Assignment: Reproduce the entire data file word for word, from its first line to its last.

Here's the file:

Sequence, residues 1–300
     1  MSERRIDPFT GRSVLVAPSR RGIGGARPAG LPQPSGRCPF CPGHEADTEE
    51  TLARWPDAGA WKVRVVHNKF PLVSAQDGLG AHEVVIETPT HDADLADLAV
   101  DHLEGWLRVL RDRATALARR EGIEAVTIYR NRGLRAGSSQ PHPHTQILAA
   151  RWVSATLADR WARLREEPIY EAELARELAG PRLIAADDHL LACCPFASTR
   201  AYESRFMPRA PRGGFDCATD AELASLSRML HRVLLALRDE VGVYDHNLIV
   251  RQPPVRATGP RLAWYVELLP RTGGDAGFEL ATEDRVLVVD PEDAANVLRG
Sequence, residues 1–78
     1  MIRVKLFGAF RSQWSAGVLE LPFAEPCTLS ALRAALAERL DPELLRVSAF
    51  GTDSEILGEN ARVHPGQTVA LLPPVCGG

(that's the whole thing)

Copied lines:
Sequence, residues 1–300
     1  MSERRIDPFT GRSVLVAPSR RGIGGARPAG LPQPSGRCPF CPGHEADTEE
    51  TLARWPDAGA WKVRVVHNKF PLVSAQDGLG AHEVVIETPT HDADLADLAV
   101  DHLEGWLRVL RDRATALARR EGIEAVTIYR NRGLRAGSSQ PHPHTQILAA
   151  RWVSATLADR WARLREEPIY EAELARELAG PRLIAADDHL LACCPFASTR
   201  AYESRFMPRA PRGGFDCATD AELASLSRML HRVLLALRDE VGVYDHNLIV
   251  RQPPVRATGP RLAWYVELLP RTGGDAGFEL ATEDRVLVVD PEDAANVLRG
Sequence, residues 1–78
     1  MIRVKLFGAF RSQWSAGVLE LPFAEPCTLS ALRAALAERL DPELLRVSAF
    51  GTDSEILGEN ARVHPGQTVA LLPPVCGG